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Can a Minor Sign a Contract?

Minors are individuals under the age of majority, which is 19 in Alabama and Nebraska and 18 in all other states. Because they are not considered adults under the law, minors have limited legal control over their affairs. For instance, minors can’t vote, own property, or consent to medical treatment.     

Minors typically rely on parents, legal guardians, or other authorized adults to handle such matters. For example, parents or legal guardians must sign a Consent for Medical Treatment of a Minor document on behalf of hospital patients who are minors.

Below, we discuss how the law treats minors with respect to contracts, including how and when contracts may be voided and special rules for contracts that are considered necessary for basic essentials. 


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Can a minor sign a contract, and if so, would it be enforceable?

Minors can and do sign and enter into many types of contracts, such as for summer jobs, acting gigs, or car purchases. Whether these contracts are enforceable, though, is not as straightforward. Because minors don’t have legal capacity as adults, the rules for how certain types of contracts are enforced differ quite a bit from contracts between adults.

In many cases, minors can’t be held to the terms of a contract until they reach the age of majority. In other words, a minor has the right to opt out of a contract, even if the other party is an adult and is bound by the terms. Therefore, from the minor’s perspective, a contract in most instances is a good faith agreement but not a legally enforceable one.

Which kinds of contracts with minors are enforceable?

Contracts for certain items considered essential to a minor’s well-being are legally enforceable, meaning the minor cannot simply opt out of them. Some of these items (referred to as “necessaries”) are:

  • Food
  • Clothing
  • Shelter 
  • Transportation 
  • Education

For instance, let’s say a 17-year-old enrolls in college and prepays for the first semester. He changes his mind before the first class and tries to recoup his payment, arguing that he did not have the legal capacity to enroll in the first place. Since education often is on the list of necessaries, depending on the state, the minor may not be able to void the contract. 

Contracts with minors may also be enforceable when they involve:

  • Taxes
  • Bank regulations
  • Civil and criminal penalties
  • Military service

Here’s an example: A minor lies about her age so she can join the Army after running away from home. She reconciles with her family and changes her mind, admitting to the recruitment office that she’s a minor and therefore lacks the capacity to enlist. Regardless of her change of heart, she may not be able to get out of her military commitment.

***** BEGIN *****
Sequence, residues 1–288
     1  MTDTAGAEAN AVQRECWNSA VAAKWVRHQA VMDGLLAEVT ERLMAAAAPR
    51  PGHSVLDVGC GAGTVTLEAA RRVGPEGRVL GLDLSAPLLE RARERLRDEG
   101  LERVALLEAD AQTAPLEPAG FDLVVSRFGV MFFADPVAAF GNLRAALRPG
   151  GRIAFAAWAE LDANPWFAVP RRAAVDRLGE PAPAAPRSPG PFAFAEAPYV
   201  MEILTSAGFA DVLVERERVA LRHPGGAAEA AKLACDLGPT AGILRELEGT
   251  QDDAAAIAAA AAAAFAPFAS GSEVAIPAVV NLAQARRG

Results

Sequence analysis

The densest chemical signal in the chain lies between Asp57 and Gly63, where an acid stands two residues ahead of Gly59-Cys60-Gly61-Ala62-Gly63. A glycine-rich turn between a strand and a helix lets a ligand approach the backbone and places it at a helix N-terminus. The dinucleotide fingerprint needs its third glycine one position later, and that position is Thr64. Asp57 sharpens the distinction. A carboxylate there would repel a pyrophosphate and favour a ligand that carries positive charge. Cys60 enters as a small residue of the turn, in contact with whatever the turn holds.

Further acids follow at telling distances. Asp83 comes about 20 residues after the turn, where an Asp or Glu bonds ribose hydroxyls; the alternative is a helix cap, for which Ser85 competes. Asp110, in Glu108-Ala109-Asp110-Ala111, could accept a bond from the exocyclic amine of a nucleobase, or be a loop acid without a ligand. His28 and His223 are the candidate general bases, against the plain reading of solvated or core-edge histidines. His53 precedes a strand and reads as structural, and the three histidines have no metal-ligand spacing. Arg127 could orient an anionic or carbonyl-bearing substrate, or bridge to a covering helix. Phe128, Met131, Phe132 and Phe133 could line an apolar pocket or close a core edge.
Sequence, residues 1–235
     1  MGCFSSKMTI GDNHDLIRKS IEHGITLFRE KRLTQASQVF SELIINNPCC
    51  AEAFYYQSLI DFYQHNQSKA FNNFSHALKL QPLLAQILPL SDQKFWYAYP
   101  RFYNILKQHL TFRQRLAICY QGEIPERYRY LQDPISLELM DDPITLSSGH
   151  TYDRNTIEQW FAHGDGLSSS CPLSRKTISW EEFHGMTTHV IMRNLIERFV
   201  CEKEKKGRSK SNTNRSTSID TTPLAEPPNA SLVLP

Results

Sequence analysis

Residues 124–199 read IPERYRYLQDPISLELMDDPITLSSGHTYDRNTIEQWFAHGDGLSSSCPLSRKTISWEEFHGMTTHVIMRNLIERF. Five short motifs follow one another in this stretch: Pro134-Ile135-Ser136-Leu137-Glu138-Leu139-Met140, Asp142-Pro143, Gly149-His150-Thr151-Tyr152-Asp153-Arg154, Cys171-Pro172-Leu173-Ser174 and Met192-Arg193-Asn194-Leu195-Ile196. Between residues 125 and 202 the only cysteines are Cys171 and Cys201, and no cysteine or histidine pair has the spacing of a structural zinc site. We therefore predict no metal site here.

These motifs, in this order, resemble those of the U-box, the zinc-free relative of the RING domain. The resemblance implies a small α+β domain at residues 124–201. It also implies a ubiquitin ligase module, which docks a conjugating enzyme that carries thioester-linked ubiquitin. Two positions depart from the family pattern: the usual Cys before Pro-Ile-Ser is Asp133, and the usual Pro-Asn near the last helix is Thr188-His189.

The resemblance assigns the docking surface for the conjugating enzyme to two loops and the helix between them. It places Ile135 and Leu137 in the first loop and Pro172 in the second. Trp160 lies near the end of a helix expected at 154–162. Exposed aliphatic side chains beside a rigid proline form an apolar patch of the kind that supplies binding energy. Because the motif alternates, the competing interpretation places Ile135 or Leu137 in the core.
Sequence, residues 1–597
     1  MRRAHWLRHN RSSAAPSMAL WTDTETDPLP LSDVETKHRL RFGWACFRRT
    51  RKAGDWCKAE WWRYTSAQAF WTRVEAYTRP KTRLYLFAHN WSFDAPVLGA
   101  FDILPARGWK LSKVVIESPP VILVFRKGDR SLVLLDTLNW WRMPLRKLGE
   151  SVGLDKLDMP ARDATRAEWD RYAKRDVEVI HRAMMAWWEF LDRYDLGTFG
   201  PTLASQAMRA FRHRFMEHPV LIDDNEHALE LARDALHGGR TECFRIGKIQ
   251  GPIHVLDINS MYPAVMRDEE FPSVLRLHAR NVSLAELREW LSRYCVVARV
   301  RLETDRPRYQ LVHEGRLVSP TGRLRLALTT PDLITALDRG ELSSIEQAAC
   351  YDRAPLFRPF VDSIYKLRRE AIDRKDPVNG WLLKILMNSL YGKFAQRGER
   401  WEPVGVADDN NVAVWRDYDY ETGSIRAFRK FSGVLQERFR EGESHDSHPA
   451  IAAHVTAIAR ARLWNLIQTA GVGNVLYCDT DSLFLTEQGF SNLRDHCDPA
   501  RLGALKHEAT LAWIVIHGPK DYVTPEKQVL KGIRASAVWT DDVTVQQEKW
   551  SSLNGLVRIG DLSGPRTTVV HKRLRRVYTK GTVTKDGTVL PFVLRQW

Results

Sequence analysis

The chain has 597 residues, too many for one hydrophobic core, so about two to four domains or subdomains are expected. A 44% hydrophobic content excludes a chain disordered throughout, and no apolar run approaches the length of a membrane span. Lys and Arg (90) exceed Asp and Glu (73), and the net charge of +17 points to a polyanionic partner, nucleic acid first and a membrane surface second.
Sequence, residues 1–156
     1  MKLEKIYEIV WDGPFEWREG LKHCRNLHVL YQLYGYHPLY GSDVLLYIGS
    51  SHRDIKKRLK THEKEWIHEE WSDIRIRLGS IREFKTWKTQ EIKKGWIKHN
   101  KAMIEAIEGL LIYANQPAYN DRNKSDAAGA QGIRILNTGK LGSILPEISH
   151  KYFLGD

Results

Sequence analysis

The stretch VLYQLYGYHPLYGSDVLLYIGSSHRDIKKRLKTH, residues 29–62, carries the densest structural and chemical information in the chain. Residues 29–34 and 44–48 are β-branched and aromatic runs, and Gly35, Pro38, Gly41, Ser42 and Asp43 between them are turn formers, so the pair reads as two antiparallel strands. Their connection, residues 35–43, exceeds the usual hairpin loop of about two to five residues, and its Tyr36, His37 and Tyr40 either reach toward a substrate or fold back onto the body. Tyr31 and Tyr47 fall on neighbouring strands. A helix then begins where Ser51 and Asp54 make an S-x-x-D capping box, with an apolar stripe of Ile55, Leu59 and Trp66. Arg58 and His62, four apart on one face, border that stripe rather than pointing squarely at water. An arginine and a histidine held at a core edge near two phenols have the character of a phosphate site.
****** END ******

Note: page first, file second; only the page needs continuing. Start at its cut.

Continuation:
Also, minors may not be able to void certain sports and entertainment contracts, although this depends on state law. Professional sports leagues, for example, spend a lot of time and money scouting young athletes and signing them to high-profile deals. Considering how much money professional leagues generate and the way teams are built, a minor deciding to opt out of a contract could cause financial damage to an organization. 

How do minors opt out of, or void, contracts?   

When a contract is voidable, meaning it’s not for necessaries, military service, or one of the other enforceable categories, minors generally have two ways to opt out:

  1. File a lawsuit asking the court to void the contract.
  2. Defend themselves by asserting that they lack capacity after being sued for not complying with contractual terms.

Note that minors cannot pick and choose from among the terms of a contract. The only choices are to void the entire contract or not void it at all. In practice, parties may void the contract through a Mutual Rescission and Release Agreement to avoid going through the courts. The minor may have to pay restitution or return items after a contract is voided. 

What happens to a contract signed by a minor after the minor reaches the age of majority?

In most states, voidable contracts with minors become legally enforceable, or “ratified,” once those minors reach the age of majority. Some states allow a period of six months or so after a minor becomes a legal adult to void such contracts.  

Understand your rights and responsibilities when signing a contract with a minor

While a minor can sign a contract, the contract may not be legally enforceable. Understanding the laws of your state before you sign a contract as a minor or with a minor will help you make informed decisions and protect your interests. If you have additional questions about contract law or other legal matters, ask a lawyer.

This article contains general legal information and does not contain legal advice. Rocket Lawyer is not a law firm or a substitute for an attorney or law firm. The law is complex and changes often. For legal advice, please ask a lawyer.

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